Sunday, December 20, 2009

metaDRAMA: The Cost of Niceness

It's no surprise that I like theater--I spend most nights writing about it. But what is it about theater that thrills me? It's the opportunity to view the world differently--more immediately than with the slow build of fiction, and more interactively and collaboratively thanks to the work of not just the writers, but the actors, directors, and technical staff. Sure, there's never going to be anything more "real" than the life you yourself live, but it's not easy to learn from the world around you, especially if you're limited in what you do. And even if you're one of the people that others live vicariously through, it's hard to pause in the middle of an adrenaline rush and consider the implications of it.

But theater's not the only place to get it. Films, while less intimate and often too epic (even if small in scale), can change you entirely--whether it's the whimsy of Amelie, the terror of Funny Games, or the heartbreak of Requiem for a Dream. And the small screen, too, has its strengths: well-written television shows allow you to follow people over a long series of changes, as in Friday Night Lights, or to follow an entire culture, as with The Wire. They are more flexible, in their week-to-week shifts, and so are best-fits for the complex allegories of science-fiction, be that Battlestar Galactica or Dollhouse. They aren't always good at showcasing talent--So You Think You Can Dance nails it, American Idol falls flat; Top Chef is sharp, Hell's Kitchen is dull--but that's largely because they get lost in trying to fulfill America's stereotypes, or to give voice to everyone's inner critic. I'm generalizing, greatly, but that's because I want to get to the lesson I've learned from one of the mainstays of reality television: Survivor.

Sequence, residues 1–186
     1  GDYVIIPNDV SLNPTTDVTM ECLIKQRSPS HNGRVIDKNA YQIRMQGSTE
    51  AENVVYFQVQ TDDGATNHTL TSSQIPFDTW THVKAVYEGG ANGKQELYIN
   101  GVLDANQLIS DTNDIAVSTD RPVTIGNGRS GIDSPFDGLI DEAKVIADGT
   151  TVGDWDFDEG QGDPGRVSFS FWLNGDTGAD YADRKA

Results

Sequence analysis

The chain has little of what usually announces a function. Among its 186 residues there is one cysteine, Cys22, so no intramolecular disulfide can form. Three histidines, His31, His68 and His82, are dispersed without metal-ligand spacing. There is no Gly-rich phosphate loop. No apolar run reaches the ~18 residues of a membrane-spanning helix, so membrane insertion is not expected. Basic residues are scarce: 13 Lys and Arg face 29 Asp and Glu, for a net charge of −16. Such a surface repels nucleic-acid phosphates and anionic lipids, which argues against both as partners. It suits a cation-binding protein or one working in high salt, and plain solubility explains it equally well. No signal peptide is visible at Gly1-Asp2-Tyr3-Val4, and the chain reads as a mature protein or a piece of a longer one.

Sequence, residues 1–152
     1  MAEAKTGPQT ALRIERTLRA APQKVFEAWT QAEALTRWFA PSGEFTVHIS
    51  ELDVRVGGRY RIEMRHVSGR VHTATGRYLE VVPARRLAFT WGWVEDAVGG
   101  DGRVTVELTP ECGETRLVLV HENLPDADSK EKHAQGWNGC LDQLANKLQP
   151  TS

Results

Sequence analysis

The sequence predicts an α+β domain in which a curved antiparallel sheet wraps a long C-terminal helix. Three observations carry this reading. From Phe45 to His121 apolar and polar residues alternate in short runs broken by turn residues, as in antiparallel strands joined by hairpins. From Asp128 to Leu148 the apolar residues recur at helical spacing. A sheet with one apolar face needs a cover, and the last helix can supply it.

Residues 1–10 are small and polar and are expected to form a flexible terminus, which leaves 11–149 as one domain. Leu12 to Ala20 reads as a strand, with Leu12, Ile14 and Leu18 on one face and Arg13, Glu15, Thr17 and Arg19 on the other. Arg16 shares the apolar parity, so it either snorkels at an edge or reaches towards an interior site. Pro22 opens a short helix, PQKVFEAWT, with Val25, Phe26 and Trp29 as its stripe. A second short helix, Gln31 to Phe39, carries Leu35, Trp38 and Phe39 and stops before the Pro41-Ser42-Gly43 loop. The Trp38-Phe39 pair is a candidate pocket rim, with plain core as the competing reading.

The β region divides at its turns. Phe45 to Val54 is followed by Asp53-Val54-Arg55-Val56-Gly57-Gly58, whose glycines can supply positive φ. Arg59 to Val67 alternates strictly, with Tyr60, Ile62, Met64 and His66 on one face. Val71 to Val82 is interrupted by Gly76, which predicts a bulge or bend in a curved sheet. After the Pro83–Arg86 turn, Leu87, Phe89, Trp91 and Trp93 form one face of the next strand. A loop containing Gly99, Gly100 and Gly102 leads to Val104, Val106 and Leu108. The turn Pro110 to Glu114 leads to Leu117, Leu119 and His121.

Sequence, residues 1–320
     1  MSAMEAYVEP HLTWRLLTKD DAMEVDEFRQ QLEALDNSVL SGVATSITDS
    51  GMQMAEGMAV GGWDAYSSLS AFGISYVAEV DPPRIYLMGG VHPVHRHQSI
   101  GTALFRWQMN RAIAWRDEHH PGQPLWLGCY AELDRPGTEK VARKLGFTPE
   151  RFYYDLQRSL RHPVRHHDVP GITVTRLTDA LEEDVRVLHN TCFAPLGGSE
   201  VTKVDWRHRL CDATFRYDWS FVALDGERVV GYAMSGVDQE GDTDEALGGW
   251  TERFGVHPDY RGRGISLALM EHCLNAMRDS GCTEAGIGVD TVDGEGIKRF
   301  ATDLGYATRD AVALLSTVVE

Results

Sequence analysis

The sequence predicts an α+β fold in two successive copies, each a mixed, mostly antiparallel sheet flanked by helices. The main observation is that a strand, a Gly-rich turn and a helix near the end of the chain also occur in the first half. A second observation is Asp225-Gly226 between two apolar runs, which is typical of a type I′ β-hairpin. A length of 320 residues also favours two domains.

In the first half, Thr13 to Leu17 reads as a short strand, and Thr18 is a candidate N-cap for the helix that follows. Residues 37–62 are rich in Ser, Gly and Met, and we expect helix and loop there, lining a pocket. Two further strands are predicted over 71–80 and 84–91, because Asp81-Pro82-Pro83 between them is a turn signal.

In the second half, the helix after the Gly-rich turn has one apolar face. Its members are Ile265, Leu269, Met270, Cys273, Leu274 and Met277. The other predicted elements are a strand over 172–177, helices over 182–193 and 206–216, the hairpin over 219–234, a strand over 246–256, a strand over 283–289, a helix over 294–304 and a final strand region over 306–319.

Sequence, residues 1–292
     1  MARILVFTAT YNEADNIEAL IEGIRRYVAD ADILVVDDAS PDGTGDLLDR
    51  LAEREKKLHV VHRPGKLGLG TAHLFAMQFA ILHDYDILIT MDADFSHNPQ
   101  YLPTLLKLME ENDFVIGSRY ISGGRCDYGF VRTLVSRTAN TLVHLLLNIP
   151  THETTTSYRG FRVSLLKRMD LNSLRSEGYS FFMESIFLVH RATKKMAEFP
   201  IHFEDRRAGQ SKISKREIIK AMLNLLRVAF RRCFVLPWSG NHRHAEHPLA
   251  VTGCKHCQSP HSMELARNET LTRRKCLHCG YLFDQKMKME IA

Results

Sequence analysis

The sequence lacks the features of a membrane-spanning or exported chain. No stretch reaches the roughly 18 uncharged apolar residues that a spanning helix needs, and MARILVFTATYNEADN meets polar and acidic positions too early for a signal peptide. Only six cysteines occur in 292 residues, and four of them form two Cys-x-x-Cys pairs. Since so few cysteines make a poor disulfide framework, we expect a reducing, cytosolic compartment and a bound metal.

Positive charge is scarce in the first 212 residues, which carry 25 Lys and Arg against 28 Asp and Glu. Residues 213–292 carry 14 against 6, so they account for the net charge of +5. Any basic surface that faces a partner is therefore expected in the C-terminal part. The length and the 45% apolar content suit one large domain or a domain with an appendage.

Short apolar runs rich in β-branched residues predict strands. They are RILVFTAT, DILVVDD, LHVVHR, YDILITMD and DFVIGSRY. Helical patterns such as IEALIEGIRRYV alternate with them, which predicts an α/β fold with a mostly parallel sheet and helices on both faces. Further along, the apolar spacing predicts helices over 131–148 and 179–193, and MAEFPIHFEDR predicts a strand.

Russell Hantz, 36, owns an oil company, and he's a brute. He's the bad guy of the show, the bully, the "bruiser," as Jeff Propst calls him. He lies to everyone, insults people (to the camera, but never to their face), and over the course of the game, outlasts, outplays, and outwits everybody. And yet, he loses. To Natalie White, 26, a player who remained allied with Russell from Day 1. This is no respect to Natalie--I actually admire her strategy; she knows she's not a physical competitor, so she's nice to everyone, and she lets Russell do all the work. However--and this brings me to the point I'm getting at--that's because she can afford to be nice. And this is the lesson we learn by watching this season of Survivor.

Russell's team--perhaps in part to his sabotage of it, but moreover a result of their bad luck in getting good players and winning challenges--makes it to the merge as the underdogs. 8-4. And it is entirely due to Russell's smooth-talking and penchant for finding--and knowing when to play--hidden immunity idols that they actually manage to take the lead. He has no choice but to play hard--at the cost of some feelings, perhaps--because the result is to just lie down and eventually be voted out. The moral question, though, is did a person that nasty deserve to win? Well, had it been Donald Trump doing the voting, yes. And had it been America voting, yes. But when push comes to shove, we tend to whitewash our own sins and pillory those who have done wrong. Because that's how we stay in control.

Once I've "made" it, it's easy for me to follow the rules. In fact, I want to, because I know that in following those rules, I'll ensure that nobody else will be able to take my job. Objectivism is great for those who are incredibly talented at something; capitalism is fantastic for those who have a lot of money. Communism, or socialism, well, they're terrific for people who don't have as much as others. The point is, we choose to play by the rules that will advance us, as needed, and then shift to new ones when the time suits. There's a reason why "nice guys" are supposed to finish last: because if they're genuinely nice, they'll let everyone else go in front of them. So why--especially in the context of a show about surviving, would you vote for the nice guy?

Watching Survivor isn't always deep, and in fact it's cherry-picked in the editing room to be commercially entertaining and superficially satisfying. And yet, this season, we were allowed to shift our perspectives as Russell, time and time again, peeled back the layers of deceit that we usually wear, showing the truth about how we actually play. It's easy to be nice when there's no danger of you going home--and for the record, Russell wasn't a social asshole, he was a moral relativist. It's not necessarily a good feeling, to watch and realize that the conventions we hold dear are exactly that--conventions--but it's an important one. And though it's not as tightly written as a drama, it is, for one of those rare times in entertainment, something real.

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